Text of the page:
FDIC Seeks To Sell Signature Bank — Crypto Business and All

Potential acquirers of Signature will tell the FDIC what assets and liabilities they’re willing to take from the bank, the FDIC representative added


Poetra.RH/Shutterstock.com modified by Blockworks


The Federal Deposit Insurance Corporation (FDIC) said it seeks to sell Signature Bank’s entire business, contradicting a report that buyers would have to agree to give up the company’s crypto dealings.

The report came Thursday from Reuters, which cited people familiar with the matter. Bids for Signature, as well as Silicon Valley Bank (SVB), are said to be due Friday. 

But the FDIC would not require the divestment of crypto activities as part of any sale of the banks, a spokesperson told Blockworks. 

The FDIC’s stance is consistent with previous guidance from the corporation — along with the Federal Reserve’s board of governors and the Office of the Comptroller of the Currency (OCC) —  about the risks of cryptoassets.    

“Banking organizations are neither prohibited nor discouraged from providing banking services to customers of any specific class or type, as permitted by law or regulation,” the regulators said in a January joint statement.

Potential acquirers of Signature will tell the FDIC what assets and liabilities they’re willing to take from the bank, the FDIC representative added.

“So clearly, those who are interested in the bidding process will create their own conditions for purchase,” the spokesperson said.

Samuel Dibble, a partner at law firm Baker Botts, said some buyers might want to include a clause that excludes buying the crypto business for a couple reasons.  

“They [may] have made a conscious decision not to acquire or hold any digital assets, or they don’t know how to value digital assets and therefore want to submit a bid that avoids having to value them,” he said.

Interest to buy?

An executive at a mergers and acquisitions (M&A) advisory firm, who agreed to speak under the condition of anonymity, said Signature’s crypto-related business, including its digital payments platform, Signet, is crucially important to the sector and will be “very valuable” to the right acquirer.

“I suspect that the crypto portion of the business will find a buyer,” they said. “We see this as a crucial test for the industry.”

Though Silvergate shut down its exchange network, SEN, earlier this month, Signet remains operational. Signet, powered by technology from Tassat Group, allows commercial clients of the bank to transfer funds between one another in real-time.

“Signet … has operated smoothly and without interruption during this period to help facilitate needed intra-bank payments for Signature’s clients,” Tassat CEO Kevin Greene said in a statement. “The current events extend beyond Signature, and affect every bank in the country.”

But Donald Putnam, a managing director with M&A specialist Grail Partners, said he expects banks that have acted as rails for fintech payment systems, such as Signature and SVB, will find few ready buyers.

“Those businesses are under regulatory scrutiny and low margin,” he added. “A few banks — Cross River comes to mind — have made a big profitable business supporting fintech, but they are the exception. The larger banks are still experiencing losses on every transaction when all costs are accounted for.”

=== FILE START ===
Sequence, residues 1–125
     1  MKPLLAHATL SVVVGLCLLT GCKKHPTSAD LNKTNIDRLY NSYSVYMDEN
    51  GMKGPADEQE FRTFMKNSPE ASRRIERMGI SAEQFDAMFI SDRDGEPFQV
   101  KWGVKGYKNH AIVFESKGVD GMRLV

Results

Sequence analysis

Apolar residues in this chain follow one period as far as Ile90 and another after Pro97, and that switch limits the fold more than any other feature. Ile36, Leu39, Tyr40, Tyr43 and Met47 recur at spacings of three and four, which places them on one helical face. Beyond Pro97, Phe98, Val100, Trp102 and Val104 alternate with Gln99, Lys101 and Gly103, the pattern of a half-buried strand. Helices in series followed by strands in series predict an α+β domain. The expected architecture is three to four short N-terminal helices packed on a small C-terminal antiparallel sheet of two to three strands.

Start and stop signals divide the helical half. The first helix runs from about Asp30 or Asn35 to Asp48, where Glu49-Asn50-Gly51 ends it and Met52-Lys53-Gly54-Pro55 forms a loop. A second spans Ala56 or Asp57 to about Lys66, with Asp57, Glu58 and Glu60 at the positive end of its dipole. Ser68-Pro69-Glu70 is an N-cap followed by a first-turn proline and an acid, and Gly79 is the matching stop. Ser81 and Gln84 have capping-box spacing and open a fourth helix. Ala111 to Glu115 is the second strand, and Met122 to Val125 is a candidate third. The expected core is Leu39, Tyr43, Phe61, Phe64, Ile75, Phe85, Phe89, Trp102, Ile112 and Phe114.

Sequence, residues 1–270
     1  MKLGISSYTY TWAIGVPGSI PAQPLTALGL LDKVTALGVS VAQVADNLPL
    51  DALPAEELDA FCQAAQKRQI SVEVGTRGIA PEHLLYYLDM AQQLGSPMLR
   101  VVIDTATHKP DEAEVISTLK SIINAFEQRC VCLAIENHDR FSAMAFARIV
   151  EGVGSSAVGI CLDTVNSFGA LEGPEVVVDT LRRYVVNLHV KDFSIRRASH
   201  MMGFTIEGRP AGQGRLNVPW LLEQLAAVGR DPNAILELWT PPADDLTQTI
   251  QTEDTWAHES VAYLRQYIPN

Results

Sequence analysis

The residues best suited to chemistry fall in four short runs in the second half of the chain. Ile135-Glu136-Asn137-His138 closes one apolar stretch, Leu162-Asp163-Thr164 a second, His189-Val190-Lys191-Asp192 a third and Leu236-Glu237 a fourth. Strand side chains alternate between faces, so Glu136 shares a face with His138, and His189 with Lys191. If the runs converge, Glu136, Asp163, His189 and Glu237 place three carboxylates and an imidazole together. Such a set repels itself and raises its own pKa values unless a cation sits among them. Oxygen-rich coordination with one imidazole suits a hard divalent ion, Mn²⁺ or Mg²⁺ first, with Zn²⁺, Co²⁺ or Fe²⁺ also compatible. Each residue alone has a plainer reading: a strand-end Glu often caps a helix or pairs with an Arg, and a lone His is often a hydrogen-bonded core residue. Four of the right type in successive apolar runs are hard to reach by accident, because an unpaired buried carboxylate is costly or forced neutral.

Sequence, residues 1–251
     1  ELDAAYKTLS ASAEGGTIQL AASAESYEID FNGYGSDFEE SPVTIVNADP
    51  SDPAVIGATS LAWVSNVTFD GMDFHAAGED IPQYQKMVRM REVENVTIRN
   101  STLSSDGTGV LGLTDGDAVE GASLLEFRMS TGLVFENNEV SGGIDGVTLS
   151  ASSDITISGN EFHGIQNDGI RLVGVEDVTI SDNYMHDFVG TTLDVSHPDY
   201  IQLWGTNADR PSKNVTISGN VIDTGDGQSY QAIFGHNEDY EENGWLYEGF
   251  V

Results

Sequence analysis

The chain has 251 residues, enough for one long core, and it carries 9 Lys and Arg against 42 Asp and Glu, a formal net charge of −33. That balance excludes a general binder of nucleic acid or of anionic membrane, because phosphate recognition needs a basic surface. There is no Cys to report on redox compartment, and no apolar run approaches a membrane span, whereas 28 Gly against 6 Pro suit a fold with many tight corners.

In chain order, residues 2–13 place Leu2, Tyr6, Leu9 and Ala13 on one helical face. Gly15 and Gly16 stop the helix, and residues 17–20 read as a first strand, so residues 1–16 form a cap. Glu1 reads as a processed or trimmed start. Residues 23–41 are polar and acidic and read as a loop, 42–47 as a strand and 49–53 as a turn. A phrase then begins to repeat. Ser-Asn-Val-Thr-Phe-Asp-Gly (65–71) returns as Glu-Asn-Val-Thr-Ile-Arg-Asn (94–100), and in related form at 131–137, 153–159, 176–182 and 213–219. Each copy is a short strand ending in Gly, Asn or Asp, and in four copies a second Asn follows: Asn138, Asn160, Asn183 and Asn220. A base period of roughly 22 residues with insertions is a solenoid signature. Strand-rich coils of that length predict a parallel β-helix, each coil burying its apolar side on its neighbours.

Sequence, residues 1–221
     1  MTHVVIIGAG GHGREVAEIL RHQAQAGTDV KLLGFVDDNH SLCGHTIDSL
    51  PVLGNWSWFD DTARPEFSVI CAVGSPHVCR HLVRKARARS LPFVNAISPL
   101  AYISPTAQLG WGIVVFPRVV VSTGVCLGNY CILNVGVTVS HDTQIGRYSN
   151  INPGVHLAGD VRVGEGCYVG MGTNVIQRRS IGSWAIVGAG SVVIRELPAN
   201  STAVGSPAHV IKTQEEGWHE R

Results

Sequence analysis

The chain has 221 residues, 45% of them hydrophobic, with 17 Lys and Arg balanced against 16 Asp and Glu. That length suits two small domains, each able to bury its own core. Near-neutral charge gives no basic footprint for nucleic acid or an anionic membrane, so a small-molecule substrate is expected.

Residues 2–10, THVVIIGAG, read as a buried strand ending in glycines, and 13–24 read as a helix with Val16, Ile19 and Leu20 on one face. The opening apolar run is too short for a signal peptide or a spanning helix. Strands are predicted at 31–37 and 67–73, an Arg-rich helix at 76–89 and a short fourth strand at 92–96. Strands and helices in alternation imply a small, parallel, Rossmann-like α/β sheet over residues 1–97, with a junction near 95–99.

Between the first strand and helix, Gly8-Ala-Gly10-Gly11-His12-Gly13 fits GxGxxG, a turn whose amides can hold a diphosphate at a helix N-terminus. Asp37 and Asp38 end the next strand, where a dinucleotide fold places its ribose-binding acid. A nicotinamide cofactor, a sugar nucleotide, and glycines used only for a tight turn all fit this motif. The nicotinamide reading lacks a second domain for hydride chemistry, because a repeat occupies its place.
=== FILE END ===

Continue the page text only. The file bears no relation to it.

Dibble said the benefit of buying Signature’s assets would be to acquire its relationships that it has with depositors and borrowers. But he noted, the market is a bit “spooked” right now.

“I don’t really see the ‘too big to fail’ banks rushing into a crypto business at this stage and I also don’t see any other mid-size or regional banks…looking to double down by acquiring all of Signature’s assets  — or even just its crypto assets,” he said.

Advocacy groups speaking up

The crypto banking landscape is clearly in flux after the collapse of Silvergate, Signature and Silicon Valley Bank. 

The original report which stated whoever acquires Signature would have to give up the company’s crypto dealings sparked the ire of certain advocacy groups in the sector.  

“As long as a crypto company can demonstrate its ability to be a good bank customer, it should be able to be banked and not be subject to a black-and-white blanket ban,” Sheila Warren, CEO of the Crypto Council for Innovation, said in a statement. 

The Blockchain Association said Thursday it sent Freedom of Information Act (FOIA) requests to the FDIC, OCC and the Federal Reserve’s board of governors to investigate the potential de-banking of lawful crypto business, in what some have theorized could be part of a second “Operation Choke Point.”

The advocacy group added that allegations include account closures and the refusal to open new accounts, which it said is “more concerning in the wake of this week’s banking crisis.”

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A Blockchain Association spokesperson did not comment on which banks are allegedly de-banking crypto firms. The group has established a tip line seeking to collect more information. 

Jake Chervinsky, the Blockchain Association’s chief policy officer, argued via Twitter that there is no valid reason to de-bank crypto companies. 

“They’re just like all other law-abiding companies that need bank accounts to operate: they hold dollars to pay rent, salaries and taxes,” he wrote. “If regulators are debanking crypto companies, they’re breaking the law.”

Updated March 16, 2023 at 3:42 pm ET: Added comments from Samuel Dibble, a partner at law firm Baker Botts.

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